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The Scofield Bible Commentary, by Cyrus Ingerson Scofield, [1917], at

2 Corinthians Introduction

2 Corinthians

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Book Introduction - 2 Corinthians

Writer: The Apostle Paul

Date: A.D. 60; probably from Philippi, after the events of Act 19:23-41; Act 20:1-13.

Theme: The Epistle discloses the touching state of the great apostle at this time. It was one of physical weakness, weariness, and pain. But his spiritual burdens were greater. These were two kinds--solicitude for the maintenance of the churches in grace as against the law-teachers, and anguish of heart over the distrust felt toward him by Jews and Jewish Christians. The chilling doctrines of the legalizers were accompanied by detraction, and by denial of his apostleship.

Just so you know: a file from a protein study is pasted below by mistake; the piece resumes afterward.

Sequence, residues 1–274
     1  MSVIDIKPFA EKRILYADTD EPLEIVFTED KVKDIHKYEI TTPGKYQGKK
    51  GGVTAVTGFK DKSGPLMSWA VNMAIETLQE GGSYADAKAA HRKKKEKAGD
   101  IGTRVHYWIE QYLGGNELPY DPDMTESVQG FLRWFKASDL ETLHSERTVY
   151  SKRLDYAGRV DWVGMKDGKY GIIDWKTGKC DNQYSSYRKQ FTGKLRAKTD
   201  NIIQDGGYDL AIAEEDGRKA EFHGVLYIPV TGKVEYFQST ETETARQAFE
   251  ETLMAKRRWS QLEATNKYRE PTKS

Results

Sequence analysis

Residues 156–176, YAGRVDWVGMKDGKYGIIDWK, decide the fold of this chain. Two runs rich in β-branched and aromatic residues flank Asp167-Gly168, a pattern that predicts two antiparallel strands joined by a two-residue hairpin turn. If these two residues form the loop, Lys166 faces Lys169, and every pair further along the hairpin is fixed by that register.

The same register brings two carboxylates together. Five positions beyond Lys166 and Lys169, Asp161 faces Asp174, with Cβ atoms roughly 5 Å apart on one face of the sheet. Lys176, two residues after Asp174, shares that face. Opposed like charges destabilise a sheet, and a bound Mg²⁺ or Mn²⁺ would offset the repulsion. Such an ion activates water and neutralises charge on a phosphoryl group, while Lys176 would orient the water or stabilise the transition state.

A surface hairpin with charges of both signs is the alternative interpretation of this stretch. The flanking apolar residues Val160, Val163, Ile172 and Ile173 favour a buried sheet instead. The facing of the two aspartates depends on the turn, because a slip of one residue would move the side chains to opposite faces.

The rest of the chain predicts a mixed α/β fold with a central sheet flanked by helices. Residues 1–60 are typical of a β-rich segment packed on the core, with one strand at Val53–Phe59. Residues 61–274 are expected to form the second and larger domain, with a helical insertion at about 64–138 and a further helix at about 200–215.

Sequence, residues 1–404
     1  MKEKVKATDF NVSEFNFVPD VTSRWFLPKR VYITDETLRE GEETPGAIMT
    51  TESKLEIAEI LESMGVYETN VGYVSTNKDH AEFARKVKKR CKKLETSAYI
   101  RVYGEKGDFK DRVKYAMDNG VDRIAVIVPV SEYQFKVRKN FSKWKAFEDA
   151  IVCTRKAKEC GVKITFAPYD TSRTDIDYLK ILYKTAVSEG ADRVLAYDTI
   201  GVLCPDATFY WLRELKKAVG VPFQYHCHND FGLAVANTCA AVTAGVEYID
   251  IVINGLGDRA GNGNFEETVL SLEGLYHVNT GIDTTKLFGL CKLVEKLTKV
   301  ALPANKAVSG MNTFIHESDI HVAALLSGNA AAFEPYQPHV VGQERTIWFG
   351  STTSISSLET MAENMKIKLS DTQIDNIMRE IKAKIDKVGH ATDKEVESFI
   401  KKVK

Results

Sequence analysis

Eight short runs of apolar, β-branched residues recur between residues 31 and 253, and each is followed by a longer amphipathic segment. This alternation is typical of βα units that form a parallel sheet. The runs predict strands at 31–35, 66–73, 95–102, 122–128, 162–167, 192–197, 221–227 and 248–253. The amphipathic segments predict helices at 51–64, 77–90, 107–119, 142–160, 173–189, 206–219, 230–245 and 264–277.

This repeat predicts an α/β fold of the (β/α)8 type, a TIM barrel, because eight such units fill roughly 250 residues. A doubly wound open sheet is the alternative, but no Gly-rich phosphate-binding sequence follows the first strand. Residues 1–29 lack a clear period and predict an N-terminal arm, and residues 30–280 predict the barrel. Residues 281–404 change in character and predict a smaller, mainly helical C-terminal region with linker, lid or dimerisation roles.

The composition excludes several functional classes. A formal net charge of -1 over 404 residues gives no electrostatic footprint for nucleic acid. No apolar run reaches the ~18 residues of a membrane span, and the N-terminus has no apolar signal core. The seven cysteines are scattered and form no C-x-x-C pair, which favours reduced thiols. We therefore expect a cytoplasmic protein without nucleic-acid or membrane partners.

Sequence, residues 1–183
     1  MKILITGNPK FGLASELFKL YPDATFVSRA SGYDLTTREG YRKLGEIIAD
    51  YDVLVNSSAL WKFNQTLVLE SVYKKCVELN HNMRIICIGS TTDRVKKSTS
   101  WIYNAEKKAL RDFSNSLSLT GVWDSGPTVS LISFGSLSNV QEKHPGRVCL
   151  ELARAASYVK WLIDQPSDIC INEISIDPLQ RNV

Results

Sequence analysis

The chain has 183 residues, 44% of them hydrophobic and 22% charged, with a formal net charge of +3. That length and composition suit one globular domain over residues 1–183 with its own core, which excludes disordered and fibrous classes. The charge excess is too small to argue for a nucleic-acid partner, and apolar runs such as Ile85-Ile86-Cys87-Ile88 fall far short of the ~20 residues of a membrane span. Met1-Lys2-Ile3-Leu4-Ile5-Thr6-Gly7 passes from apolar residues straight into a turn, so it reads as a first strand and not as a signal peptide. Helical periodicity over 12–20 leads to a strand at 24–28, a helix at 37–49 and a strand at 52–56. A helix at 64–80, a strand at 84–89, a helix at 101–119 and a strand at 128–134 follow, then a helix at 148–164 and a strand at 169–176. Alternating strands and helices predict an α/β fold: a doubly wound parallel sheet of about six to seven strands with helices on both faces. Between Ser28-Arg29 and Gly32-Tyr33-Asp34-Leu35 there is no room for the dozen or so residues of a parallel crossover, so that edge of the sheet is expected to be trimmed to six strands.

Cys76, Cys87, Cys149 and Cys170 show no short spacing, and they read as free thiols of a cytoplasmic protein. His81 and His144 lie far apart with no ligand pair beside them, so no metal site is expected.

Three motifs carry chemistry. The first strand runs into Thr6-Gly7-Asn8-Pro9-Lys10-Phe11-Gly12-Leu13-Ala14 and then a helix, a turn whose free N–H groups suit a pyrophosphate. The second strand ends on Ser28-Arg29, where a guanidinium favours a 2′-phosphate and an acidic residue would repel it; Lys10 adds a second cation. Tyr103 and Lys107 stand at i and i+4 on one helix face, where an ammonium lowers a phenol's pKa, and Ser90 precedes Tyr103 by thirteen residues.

It is evident that the really dangerous sect in Corinth was that which said, "and I of Christ" (Co1 1:12). They rejected the new revelation through Paul of the doctrines of grace; grounding themselves, probably, on the kingdom teachings of our Lord as "a minister of circumcision" (Rom 15:8); seemingly oblivious that a new dispensation had been introduced by Christ's death. This made necessary a defence of the origin and extent of Paul's apostolic authority.

The Epistle is in three parts:

1. Paul's principles of action (2 Corinthians 1:1 - 7:16).

2. The collection for the poor saints at Jerusalem (2 Corinthians 8:1 - 9:15).

3. Paul's defence of his apostolic authority (2 Corinthians 10:1 - 13:14).

Next: 2 Corinthians Chapter 1